This is only a snippet of the reality we face in the coming months and years. This is the reality I am recommitted to resisting.
As a teacher, I rededicate myself to training my students in the righteousness of justice. Terrorizing families is not just, even if it happens with due process. Demonizing migrants is not just, even if it turns on the stigma of a conviction meted out by a legal proceeding. When the towering jurist Oliver Wendell Holmes wrote that “the life of the law has not been logic: it has been experience,” what he meant was that there is nothing inherently compelling about the law. The law is what the community to which legislators are accountable demand that it be. In short, the law is malleable. It will move in the direction that lawyers, judges, legislators, and activists push it. I will help my students learn the skills they need to push our nation’s moral compass toward an appreciation of our shared humanity.
As a scholar, I take seriously the responsibility to unearth the human consequences of the legal system. I take seriously the need to “look to the bottom,” as Mari Matsuda urged years ago, for guidance about where to direct my intellectual energies. I am fully aware that my position at an institution that supports the production of knowledge means that I am afforded the opportunity to “trade in ideas in their vital bearing on a wider political culture,” to borrow from bell hooks. I know that I am provided the luxury of resources most can’t imagine. This is not new. But in a historical moment when the dark clouds of xenophobia are moving from their perennial perch on the mountaintop and into the valley, I must recommit to scholarship that is engaged with the hard realities of a government ready to unleash its coercive powers.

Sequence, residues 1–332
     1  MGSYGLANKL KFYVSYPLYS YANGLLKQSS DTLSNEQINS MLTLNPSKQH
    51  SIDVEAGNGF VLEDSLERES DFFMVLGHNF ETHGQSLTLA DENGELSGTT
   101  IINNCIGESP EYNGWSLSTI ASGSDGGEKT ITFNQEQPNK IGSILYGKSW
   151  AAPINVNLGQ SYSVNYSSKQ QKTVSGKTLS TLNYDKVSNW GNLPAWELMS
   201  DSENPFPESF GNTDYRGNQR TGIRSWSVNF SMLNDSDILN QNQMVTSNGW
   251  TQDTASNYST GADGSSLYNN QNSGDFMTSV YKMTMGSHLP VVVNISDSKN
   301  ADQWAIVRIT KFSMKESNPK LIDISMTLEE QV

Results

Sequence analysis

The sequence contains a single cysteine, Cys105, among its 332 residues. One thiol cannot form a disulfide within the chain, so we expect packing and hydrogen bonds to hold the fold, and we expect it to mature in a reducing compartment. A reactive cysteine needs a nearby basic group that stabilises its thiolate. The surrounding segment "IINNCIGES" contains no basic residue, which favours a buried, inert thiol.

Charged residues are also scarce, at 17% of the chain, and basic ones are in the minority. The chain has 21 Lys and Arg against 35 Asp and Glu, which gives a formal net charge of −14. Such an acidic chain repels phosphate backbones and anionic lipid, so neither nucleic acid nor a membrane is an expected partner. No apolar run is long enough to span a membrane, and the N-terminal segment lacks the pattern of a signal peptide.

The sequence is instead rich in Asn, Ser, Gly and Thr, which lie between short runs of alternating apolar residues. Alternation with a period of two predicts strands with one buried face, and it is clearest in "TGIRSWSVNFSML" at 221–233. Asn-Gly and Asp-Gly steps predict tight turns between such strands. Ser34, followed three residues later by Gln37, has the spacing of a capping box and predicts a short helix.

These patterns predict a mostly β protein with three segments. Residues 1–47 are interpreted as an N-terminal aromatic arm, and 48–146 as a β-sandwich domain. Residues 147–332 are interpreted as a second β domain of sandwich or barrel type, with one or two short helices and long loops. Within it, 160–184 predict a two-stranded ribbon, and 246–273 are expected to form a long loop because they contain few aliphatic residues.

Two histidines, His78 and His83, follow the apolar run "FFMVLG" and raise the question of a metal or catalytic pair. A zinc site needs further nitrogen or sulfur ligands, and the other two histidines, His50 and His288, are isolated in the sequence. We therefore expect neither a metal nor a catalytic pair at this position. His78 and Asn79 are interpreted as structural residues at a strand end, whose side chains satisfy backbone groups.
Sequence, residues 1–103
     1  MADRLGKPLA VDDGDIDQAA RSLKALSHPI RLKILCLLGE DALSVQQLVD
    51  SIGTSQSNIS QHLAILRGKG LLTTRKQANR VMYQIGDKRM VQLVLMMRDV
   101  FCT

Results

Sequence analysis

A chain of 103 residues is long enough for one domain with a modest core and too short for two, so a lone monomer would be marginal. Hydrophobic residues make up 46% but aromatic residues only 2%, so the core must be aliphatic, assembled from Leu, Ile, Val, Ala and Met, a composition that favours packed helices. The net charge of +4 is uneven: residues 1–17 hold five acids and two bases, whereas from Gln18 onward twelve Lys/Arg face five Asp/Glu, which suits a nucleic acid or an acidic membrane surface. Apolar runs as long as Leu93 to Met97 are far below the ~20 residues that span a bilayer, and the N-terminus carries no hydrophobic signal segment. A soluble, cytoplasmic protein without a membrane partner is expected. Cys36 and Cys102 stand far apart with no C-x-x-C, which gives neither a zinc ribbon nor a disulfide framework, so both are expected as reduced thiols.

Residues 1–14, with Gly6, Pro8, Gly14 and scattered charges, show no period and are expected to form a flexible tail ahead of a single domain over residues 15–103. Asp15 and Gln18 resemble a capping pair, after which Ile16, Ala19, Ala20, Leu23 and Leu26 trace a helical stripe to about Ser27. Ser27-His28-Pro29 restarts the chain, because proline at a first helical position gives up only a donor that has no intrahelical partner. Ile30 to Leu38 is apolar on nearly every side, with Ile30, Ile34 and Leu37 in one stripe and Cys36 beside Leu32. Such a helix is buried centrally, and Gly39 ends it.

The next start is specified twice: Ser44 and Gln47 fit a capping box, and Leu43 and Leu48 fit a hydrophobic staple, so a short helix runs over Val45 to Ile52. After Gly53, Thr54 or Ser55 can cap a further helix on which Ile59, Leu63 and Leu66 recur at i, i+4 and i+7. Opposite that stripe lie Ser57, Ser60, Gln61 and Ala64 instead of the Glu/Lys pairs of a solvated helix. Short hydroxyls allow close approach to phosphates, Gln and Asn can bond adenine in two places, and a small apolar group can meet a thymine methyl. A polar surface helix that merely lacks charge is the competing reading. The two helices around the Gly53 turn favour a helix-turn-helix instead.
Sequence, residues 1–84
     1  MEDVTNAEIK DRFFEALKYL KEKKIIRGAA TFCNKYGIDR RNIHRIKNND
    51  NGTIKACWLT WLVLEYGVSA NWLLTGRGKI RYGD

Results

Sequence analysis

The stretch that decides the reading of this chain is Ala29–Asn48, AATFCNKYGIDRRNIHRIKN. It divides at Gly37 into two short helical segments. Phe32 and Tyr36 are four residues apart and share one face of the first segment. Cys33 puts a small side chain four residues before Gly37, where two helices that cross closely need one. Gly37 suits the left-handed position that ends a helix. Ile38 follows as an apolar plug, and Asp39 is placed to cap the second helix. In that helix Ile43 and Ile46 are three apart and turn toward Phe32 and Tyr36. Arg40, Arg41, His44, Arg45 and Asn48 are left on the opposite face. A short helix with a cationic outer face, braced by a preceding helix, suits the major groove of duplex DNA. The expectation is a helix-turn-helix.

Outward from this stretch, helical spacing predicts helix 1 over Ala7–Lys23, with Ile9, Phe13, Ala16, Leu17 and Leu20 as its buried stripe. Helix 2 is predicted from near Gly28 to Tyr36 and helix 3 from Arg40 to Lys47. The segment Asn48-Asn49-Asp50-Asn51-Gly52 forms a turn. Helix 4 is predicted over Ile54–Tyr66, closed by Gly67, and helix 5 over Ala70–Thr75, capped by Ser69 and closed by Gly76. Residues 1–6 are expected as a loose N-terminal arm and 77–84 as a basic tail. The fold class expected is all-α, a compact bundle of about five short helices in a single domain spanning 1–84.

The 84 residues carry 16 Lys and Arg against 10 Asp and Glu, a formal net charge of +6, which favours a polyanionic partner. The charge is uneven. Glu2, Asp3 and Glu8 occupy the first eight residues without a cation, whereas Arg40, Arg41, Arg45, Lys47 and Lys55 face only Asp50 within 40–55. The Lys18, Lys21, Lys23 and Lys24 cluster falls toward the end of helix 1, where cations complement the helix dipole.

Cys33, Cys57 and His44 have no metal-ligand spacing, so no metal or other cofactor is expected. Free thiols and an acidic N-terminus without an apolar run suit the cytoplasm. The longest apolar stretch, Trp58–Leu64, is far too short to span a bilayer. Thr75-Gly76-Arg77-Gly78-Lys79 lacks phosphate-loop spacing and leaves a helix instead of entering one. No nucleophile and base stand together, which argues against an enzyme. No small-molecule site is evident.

As a member of a political community that aspires to democratic governance, I vow to push against the forces of government, business, and civil society that have embraced a politics of fear. This is not the first time that the United States has found itself pulled toward a nativist fervor. This is not the first time that the United States has been caught in a xenophobic whirlwind. This is not the first time that the United States has denied the inherent dignity of our neighbors. From our nation’s centuries-long reliance on slavery to the periodic moments of hatred directed at an ever-changing group of undesirables, we have all too often given in to our worst demons. If we are to step away from the precipice—or climb our way out—it will only happen if enough of us are willing to resist. I am. And I look forward to doing so in solidarity with other people of conscience.
We will not sit idly while our students, colleagues, families, neighbors, and we ourselves are vilified. We will not tolerate actions that devalue, marginalize, or threaten any member of our community. We will not lay down in the face of fear and anger. We will instead stand proudly and defiantly with everyone who has been tossed onto the heap of scapegoats. We will yell passionately until we are heard that our nation’s greatest fears cannot be allowed to trample on the basic dignity of our communities and the health of our planet.
To all those who have been targeted in word or deed, hear this: We stand with you.
The alternative is too dreadful to imagine.